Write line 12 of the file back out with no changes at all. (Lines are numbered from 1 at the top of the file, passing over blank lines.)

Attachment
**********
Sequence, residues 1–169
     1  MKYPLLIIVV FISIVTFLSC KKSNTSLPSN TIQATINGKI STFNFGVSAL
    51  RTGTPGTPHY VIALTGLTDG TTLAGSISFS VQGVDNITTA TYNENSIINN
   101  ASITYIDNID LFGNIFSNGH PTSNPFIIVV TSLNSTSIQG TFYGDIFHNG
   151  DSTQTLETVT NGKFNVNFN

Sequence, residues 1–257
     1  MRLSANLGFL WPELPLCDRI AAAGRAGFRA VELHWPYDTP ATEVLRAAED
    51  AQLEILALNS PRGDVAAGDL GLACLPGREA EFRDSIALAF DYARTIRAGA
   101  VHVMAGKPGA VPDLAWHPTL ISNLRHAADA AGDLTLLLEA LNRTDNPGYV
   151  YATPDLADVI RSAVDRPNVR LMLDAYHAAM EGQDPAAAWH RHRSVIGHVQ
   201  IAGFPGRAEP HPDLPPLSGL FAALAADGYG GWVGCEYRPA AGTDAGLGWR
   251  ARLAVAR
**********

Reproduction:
   251  ARLAVAR